The visit coincided with World Rhino Day, held on September 22 this year.
According to TRAFFIC, from 1990 to 2007, South Africa lost an average of 13 rhinos to poaching each year, but in 2008, the number shot up to 72 animals being killed for their horns. This figure rose to 122 in 2009, and again in 2010 to an unprecedented 333 dead.
As of September this year, more than 302 animals have already been illegally killed. At this rate, the total number may be pushed to over 400 dead rhinos in 2011 if the poaching onslaught is not halted.
Rhino horns are usually smuggled to Asia, and there is strong evidence that Vietnam is one of the key destinations and also a primary driver of the illicit trade.
Last month, two Vietnamese citizens were sentenced by a South African magistrate to 8 and 12 years in prison respectively, for attempting to smuggle rhino horn out of the country.
In addition to poaching of live animals in Africa, the demand from Asia has led to a spate of thefts of antique rhino horn from museums and zoos across Europe by organized criminal gangs.
Rhino horn is used in traditional Asian medicine for the treatment of high fever, but a new belief has emerged claiming rhino horn has curative powers against cancer – a notion that may have developed in Vietnam.
However, there is no scientific or medical evidence to support any such claims. Rhino horn is similar in composition and structure to horses’ hooves, birds’ beaks, and human fingernails.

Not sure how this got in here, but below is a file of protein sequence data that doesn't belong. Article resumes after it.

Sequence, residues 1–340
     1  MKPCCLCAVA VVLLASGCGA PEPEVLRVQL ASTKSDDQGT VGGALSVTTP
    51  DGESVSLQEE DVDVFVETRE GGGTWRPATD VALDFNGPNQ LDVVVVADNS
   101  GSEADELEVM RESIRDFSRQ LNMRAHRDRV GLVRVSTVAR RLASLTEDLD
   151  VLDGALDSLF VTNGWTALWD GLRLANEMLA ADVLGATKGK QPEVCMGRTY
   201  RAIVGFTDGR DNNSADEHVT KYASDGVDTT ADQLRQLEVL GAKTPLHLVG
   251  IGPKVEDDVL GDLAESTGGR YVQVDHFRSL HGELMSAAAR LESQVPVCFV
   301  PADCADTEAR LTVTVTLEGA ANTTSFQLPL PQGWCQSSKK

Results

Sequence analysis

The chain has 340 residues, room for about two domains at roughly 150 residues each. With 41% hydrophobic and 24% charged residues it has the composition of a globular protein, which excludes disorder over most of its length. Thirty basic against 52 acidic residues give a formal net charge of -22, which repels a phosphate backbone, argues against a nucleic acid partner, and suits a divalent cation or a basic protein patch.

At a joint press conference on Wednesday, Mr. Fundisile Mketeni, Deputy Director General of Biodiversity and Conservation in the South African Department of Environmental Affairs, and Dr. Ha Cong Tuan, Deputy Director General, Viet Nam Forestry Administration, announced the signing of a bilateral Memorandum of Understanding (MoU) under which both countries can actively collaborate to stop the illegal trade in rhino horn.
“In order to combat the illegal trade in wildlife products effectively, law enforcement must address the entire black market trade chain, from source country to end users,” said Tom Milliken, TRAFFIC global elephant and rhino programme coordinator.
“Formal institutional links between South African and Vietnamese law enforcement agencies should create effective channels of communication and improve law enforcement in both countries. It is important to note, however, that a meeting like this is only a first step. The real challenge is for participants to demonstrate their commitment in the follow-through once they return to their respective posts,” he said.
Last week’s visit of Vietnamese government officials to South Africa follows the October 2010 mission of a five-member South African delegation to Ha Noi and Ho Chi Minh City to discuss rhino horn trafficking between the two countries.